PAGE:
Listverse ranks top 15 007 film deaths

Listverse, a Web site of, well, various lists, on March 28 published a list of the top 15 James Bond film deaths. 007 villains and allies were included. And there’s at least one surprise.

That surprise? Coming in as the second-best Bond death was the demise of Francisco Scaramanga, the title character of 1974’s The Man With The Golden Gun. It occurs after Bond (Roger Moore) and Scaramanga (Christopher Lee) stalk each other in the villain’s “fun house,” which he uses as a way to keep his skills sharp. Here’s part of how Listverse describes it:

The death of Scaramanga is one of the most tense, but fun, deaths in the Bond films…Classic moment in an otherwise mediocre film.

It went something like this:

Almost half of the list (seven to be precise) come from Bond films before 1970, including Tracy in On Her Majesty’s Secret Service, two from Goldfinger (Goldfinger and Jill Masterson), two from Dr. No (Dr. No and Professor Dent) and Aki from You Only Live Twice. The most recent 007 film death cited, at No. 12, was the unnamed man Daniel Craig’s Bond kills in a rest room fight at the start of 2006’s Casino Royale.

There are a few flaws. At No. 14 are Mr. Wint and Mr. Kidd in Diamonds Are Forever. Listverse incorrectly says Bond (Sean Connery) threw kid overboard from the deck of a luxury liner after setting the killer on fire. Kidd actually jumped off on his own, desperately trying to douse the flames in time. And No. 8, Baron Samedi from Live And Let Die, has this description:

Later on in the film, he appears to die when Bond (Sean Connery) throws him into a chest full of venomous snakes and shuts the lid. However, the end of the film delivers the biggest twist in Bond History. On the back of the train in which Bond and Solitaire are travelling, Samedi is seen sitting, laughing at the audience. At that point the film ends.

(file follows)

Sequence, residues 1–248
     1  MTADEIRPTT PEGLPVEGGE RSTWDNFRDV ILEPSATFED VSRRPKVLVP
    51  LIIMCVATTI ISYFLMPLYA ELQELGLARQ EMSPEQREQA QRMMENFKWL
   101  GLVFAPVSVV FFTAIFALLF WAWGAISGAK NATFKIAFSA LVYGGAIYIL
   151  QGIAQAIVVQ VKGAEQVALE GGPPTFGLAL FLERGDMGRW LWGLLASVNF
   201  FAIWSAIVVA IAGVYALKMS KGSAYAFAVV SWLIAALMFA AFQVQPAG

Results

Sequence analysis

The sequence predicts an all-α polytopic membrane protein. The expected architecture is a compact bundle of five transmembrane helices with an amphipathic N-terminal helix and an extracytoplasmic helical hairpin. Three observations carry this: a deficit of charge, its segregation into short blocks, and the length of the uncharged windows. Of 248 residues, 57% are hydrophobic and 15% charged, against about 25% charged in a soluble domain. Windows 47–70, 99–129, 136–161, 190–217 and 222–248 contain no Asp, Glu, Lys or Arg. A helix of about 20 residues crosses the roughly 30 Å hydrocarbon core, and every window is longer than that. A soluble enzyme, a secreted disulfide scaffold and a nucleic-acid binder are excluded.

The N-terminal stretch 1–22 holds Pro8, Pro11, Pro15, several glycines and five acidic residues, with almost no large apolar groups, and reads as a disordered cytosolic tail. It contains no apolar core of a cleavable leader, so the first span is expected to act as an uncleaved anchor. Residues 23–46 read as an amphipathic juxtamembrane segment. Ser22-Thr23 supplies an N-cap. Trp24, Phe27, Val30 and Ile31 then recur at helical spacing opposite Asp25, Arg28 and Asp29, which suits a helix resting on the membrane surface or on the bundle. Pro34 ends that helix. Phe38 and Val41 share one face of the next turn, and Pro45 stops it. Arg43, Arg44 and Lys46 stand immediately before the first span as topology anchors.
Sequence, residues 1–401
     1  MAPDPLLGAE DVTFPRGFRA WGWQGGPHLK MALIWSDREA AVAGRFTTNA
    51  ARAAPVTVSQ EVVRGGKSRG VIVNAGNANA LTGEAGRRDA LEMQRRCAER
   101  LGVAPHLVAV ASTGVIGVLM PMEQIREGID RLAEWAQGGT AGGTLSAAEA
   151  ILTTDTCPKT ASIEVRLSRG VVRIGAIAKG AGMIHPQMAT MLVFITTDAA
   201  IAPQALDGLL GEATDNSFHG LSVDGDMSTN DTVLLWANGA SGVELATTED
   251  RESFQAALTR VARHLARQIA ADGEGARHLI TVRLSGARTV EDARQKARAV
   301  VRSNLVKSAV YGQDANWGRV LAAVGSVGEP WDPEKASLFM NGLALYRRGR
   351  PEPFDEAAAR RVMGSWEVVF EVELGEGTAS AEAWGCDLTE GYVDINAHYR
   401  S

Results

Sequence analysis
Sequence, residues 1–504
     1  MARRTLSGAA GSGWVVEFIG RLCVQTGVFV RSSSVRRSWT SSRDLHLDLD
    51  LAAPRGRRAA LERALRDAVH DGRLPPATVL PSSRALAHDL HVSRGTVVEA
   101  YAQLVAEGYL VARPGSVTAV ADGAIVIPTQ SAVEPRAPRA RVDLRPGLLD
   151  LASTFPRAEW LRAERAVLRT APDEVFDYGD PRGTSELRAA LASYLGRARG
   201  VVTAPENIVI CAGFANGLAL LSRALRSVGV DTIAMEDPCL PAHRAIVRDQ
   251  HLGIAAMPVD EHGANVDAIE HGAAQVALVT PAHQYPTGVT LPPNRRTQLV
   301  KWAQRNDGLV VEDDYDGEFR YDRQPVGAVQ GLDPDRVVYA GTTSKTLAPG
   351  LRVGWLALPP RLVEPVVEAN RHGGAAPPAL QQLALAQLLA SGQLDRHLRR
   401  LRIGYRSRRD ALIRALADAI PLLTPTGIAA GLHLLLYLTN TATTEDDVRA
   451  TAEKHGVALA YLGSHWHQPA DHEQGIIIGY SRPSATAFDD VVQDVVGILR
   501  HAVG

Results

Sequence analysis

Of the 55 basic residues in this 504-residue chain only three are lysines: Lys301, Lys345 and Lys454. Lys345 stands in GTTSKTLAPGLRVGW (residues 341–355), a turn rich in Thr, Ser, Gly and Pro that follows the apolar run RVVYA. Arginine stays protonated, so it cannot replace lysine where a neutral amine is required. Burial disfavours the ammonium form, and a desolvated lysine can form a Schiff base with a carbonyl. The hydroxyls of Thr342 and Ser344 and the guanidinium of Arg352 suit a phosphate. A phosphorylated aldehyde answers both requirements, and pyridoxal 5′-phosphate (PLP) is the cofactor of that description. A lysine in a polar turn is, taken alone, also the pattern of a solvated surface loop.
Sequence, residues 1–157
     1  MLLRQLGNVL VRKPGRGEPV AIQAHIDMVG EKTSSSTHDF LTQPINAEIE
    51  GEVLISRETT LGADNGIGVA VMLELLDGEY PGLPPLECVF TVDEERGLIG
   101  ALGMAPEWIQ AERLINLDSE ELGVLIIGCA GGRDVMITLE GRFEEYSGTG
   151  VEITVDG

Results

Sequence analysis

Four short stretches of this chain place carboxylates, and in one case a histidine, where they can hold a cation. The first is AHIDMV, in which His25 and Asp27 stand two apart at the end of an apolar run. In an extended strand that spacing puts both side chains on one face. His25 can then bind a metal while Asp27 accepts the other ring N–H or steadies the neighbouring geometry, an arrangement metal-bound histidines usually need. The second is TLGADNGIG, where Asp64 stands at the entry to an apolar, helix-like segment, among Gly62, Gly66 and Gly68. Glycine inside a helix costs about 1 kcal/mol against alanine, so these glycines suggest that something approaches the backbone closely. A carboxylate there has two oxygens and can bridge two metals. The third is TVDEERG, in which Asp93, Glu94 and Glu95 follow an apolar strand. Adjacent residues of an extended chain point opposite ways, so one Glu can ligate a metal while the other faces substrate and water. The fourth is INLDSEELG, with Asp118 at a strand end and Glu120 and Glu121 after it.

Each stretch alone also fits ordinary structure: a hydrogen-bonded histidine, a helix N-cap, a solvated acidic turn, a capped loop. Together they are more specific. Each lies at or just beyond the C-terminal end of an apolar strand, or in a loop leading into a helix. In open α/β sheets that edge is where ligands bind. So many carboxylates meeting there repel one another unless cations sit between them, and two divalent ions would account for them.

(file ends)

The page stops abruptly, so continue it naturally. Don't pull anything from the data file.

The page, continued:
Live And Let Die, of course, was Roger Moore’s first 007 film.

The top Bond film death? Not really a surprise: Red Grant (Robert Shaw) in a vicious fight aboard the Orient Express in From Russia With Love:

You can read the entire list and Listverse comments BY CLICKING HERE. One things lists tend to is stir discussion. So let the debate begin.

Bond 23 starts filming in November, Judi Dench says

Judi Dench, at a public appearance last week, said Bond 23 will begin production in November, according to a STORY ON THE WEB SITE OF THE U.K. EXPRESS NEWSPAPER.

Here’s an excerpt:

Dame Judi revealed the start date for filming during a visit last week to Hever Castle in Kent, to plant a rose bred for its gardens.

She said: “I am going to do the next Bond in November. I don’t know the location yet but hopefully it will be somewhere nice. I can’t tell you much more but I do enjoy ­playing M as she is such a strong character. I like being bossy and my grandson thinks its cool that I’m in Bond.”